Earlier this week, when posting out an order to one of the very kind people who ordered from me this week (and thank you VERY MUCH to them too), I explained that the book might take a while as US customs are being a tad picky at the moment. Never mind, she said. The book won't go off, unlike some German sausage she ordered from Wisconscin which was delayed by snowstorms and was a very questionable parcel by the time it arrived.
I'd earlier been reading one of the UK parenting forums on revolting things you have found in your house, and behold, a whole rich topic of filth and general grime has come into being.
Last weekend, one of our hens became ill. Hens, for those that don't have them, are one of those creatures that like to hug their illnesses to themselves. They appear absolutely fine one day, only to appear the next hunched, immobile and on the point of death. Echo was in this state on Sunday, and after careful inspection, I decided she had sour crop. The treatment for this is to turn your hen upside down to make her sick and remove the revolting contents of the crop. Well, it worked, but I can't say the process was a whole load of fun for either of us. Since then, Echo has regarded me with extreme suspicion, and I can't blame her, particularly as the next day I thought I'd best treat for impacted crop as well, and administered a syringe of olive oil followed by determined massage. Fortunately she is now on the mend, and I am slowly winning myself back into her good graces by sneaking up and feeding her surreptitious dried mealworms behind the hen house, having distracted the others by flinging them corn.
The disgusting crop was my own animal, which mitigates the horribleness a bit. I do jib a bit at awfulness administered by other peoples' animals. We get pestered occasionally by tom cats, who come in and spray, and there is nothing like stalking the hallway, armed with Febreze, trying to find out where the dratted animal has sprayed, to affect your morning mood. I have nothing against tom cats per se, but I really can't see the point of not neutering your cat if it's a domestic pet. Probably my most revolting tom cat story occurred when I was still living in London and commuting into work every day. Standing on the train one day, I sniffed and thought goodness, someone REEKS of tomcat. How vile. Plenty of people around me were surreptitiously sniffing too.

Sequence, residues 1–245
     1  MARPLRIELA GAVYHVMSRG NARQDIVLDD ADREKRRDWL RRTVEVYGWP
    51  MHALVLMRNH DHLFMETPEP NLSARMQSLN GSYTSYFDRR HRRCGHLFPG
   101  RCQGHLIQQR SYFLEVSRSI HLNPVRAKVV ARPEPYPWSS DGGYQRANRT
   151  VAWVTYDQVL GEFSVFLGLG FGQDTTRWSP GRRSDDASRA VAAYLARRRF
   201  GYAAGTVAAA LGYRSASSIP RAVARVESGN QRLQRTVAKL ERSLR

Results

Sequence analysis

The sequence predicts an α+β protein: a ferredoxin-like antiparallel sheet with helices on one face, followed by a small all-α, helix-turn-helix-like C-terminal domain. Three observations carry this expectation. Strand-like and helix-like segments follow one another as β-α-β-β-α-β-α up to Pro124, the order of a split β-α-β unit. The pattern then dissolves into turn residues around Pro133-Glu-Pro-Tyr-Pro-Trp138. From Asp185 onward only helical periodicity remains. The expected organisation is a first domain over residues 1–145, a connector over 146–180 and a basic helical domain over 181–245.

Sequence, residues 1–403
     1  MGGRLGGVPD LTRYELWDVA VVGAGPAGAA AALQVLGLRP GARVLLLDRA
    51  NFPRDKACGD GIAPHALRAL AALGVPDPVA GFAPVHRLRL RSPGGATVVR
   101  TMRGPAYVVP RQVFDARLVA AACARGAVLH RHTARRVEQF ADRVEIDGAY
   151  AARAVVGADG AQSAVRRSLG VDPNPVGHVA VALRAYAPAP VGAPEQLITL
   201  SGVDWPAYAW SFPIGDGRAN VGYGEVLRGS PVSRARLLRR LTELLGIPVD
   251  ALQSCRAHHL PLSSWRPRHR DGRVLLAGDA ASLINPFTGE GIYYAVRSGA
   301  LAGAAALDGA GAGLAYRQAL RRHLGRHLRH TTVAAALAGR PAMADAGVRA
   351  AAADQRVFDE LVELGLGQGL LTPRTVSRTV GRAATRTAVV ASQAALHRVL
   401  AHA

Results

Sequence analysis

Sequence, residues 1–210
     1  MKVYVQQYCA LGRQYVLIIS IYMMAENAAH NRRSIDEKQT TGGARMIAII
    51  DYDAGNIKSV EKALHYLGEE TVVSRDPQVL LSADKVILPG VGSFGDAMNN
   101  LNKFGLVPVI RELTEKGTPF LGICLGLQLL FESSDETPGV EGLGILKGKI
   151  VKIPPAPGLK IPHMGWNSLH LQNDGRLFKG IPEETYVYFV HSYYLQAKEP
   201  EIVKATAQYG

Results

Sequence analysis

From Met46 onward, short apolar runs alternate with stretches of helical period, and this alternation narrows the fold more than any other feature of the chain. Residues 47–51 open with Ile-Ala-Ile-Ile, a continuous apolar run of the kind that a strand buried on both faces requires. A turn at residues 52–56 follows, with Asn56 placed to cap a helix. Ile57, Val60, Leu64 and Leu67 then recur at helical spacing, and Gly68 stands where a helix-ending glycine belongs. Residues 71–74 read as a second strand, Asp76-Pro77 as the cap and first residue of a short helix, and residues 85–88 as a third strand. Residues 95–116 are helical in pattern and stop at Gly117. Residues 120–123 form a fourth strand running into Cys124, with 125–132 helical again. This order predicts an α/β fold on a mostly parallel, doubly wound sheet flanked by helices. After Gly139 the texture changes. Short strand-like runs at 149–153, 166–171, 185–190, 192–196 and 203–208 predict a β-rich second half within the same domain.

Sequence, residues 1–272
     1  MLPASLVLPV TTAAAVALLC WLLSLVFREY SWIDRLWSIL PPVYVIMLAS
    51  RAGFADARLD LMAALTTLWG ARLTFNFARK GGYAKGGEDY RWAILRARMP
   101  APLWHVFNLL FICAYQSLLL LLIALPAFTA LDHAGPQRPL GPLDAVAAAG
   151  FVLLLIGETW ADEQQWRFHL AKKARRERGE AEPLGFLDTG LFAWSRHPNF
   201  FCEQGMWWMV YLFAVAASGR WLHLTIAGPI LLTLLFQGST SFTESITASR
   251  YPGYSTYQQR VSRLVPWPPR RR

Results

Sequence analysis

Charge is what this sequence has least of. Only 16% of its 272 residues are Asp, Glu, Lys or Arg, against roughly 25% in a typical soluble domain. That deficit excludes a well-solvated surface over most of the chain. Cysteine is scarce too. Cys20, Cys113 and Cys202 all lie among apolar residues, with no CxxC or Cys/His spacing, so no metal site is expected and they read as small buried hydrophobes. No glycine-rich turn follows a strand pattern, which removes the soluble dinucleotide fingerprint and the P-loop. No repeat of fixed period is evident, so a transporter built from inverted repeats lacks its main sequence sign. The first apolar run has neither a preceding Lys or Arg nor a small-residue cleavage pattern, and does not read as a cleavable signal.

Yes, it was me. Tomcat had come in a sprayed my coat, unwisely left in the kitchen. I wish I could remember what I did with the coat during the day at work. Must have stashed it somewhere, and got it home again and presumably washed it but all of that has been washed from my mind by the memory of standing on an overheated, stuffy train as realisation slowly dawned.
My own cats have been responsible for more than their fair share of horrors: mummified frogs and flattened mice, disinterred from places you'd rather they hadn't been. Present cat likes to kill things at night, noisily and in our room. I don't always remember, once I have got back to sleep again, that she has killed in the night, and the amount of blood and guts I have trodden on when I get up the next morning is legion. The maggoty things are fun too. I do wonder why some cat-left corpses go maggoty, and others just mummify. A year or so ago I picked up what I thought was a fairly innocent corpse, only to realise it was crawling with maggots, whereupon I am ashamed to say I screamed and flung the corpse from me. Of course this scattered the maggots far and wide, and there was no one else to clean them up apart from me, so I spent an entertaining half hour pursuing them round the kitchen floor.
I once lived next to very superior soul who thought I was the scruffiest, slovenliest being on the planet, she being the Goddess of Cleanliness. One day maggots exploded out of the drain both our kitchen sinks emptied into. The poor plumber who investigated the drain disinterred mounds of rotting rice and meat, neither of which I ever ate, but we all knew who did, and, who, as it turned out, washed them down the drain. I gloated. I gloated GOOD.